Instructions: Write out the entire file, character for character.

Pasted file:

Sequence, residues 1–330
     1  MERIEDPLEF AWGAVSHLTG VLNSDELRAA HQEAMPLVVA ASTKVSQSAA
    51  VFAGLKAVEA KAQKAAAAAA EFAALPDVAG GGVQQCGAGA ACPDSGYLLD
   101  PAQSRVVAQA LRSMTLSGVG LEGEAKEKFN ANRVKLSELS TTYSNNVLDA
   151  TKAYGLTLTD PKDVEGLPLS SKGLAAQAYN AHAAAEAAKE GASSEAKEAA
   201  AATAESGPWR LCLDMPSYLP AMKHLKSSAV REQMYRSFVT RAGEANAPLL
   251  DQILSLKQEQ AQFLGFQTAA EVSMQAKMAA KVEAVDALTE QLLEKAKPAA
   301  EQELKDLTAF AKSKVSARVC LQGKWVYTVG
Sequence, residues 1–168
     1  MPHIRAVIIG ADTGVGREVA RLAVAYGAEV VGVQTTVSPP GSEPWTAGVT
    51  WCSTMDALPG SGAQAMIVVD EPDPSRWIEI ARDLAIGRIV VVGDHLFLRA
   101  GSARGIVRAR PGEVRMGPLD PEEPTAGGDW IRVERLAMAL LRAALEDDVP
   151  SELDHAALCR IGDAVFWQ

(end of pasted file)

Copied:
Sequence, residues 1–330
     1  MERIEDPLEF AWGAVSHLTG VLNSDELRAA HQEAMPLVVA ASTKVSQSAA
    51  VFAGLKAVEA KAQKAAAAAA EFAALPDVAG GGVQQCGAGA ACPDSGYLLD
   101  PAQSRVVAQA LRSMTLSGVG LEGEAKEKFN ANRVKLSELS TTYSNNVLDA
   151  TKAYGLTLTD PKDVEGLPLS SKGLAAQAYN AHAAAEAAKE GASSEAKEAA
   201  AATAESGPWR LCLDMPSYLP AMKHLKSSAV REQMYRSFVT RAGEANAPLL
   251  DQILSLKQEQ AQFLGFQTAA EVSMQAKMAA KVEAVDALTE QLLEKAKPAA
   301  EQELKDLTAF AKSKVSARVC LQGKWVYTVG
Sequence, residues 1–168
     1  MPHIRAVIIG ADTGVGREVA RLAVAYGAEV VGVQTTVSPP GSEPWTAGVT
    51  WCSTMDALPG SGAQAMIVVD EPDPSRWIEI ARDLAIGRIV VVGDHLFLRA
   101  GSARGIVRAR PGEVRMGPLD PEEPTAGGDW IRVERLAMAL LRAALEDDVP
   151  SELDHAALCR IGDAVFWQ